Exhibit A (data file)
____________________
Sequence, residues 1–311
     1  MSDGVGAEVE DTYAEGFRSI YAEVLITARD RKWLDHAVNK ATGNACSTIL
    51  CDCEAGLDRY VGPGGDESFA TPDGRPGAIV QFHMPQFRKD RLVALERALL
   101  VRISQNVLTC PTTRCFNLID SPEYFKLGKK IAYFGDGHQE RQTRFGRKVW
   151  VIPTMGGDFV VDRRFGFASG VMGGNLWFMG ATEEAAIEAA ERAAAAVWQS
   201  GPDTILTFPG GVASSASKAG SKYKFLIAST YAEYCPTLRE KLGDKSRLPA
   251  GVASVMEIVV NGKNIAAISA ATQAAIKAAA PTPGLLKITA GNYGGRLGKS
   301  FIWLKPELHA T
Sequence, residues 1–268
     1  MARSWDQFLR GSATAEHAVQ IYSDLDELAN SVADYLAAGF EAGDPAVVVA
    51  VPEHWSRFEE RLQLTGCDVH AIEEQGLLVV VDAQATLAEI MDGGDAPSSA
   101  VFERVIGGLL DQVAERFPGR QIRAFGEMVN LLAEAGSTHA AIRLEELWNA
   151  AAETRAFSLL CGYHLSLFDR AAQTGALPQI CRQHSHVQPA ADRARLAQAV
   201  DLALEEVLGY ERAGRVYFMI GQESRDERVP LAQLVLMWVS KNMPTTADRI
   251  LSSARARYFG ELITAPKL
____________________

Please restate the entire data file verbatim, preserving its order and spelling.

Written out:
Sequence, residues 1–311
     1  MSDGVGAEVE DTYAEGFRSI YAEVLITARD RKWLDHAVNK ATGNACSTIL
    51  CDCEAGLDRY VGPGGDESFA TPDGRPGAIV QFHMPQFRKD RLVALERALL
   101  VRISQNVLTC PTTRCFNLID SPEYFKLGKK IAYFGDGHQE RQTRFGRKVW
   151  VIPTMGGDFV VDRRFGFASG VMGGNLWFMG ATEEAAIEAA ERAAAAVWQS
   201  GPDTILTFPG GVASSASKAG SKYKFLIAST YAEYCPTLRE KLGDKSRLPA
   251  GVASVMEIVV NGKNIAAISA ATQAAIKAAA PTPGLLKITA GNYGGRLGKS
   301  FIWLKPELHA T
Sequence, residues 1–268
     1  MARSWDQFLR GSATAEHAVQ IYSDLDELAN SVADYLAAGF EAGDPAVVVA
    51  VPEHWSRFEE RLQLTGCDVH AIEEQGLLVV VDAQATLAEI MDGGDAPSSA
   101  VFERVIGGLL DQVAERFPGR QIRAFGEMVN LLAEAGSTHA AIRLEELWNA
   151  AAETRAFSLL CGYHLSLFDR AAQTGALPQI CRQHSHVQPA ADRARLAQAV
   201  DLALEEVLGY ERAGRVYFMI GQESRDERVP LAQLVLMWVS KNMPTTADRI
   251  LSSARARYFG ELITAPKL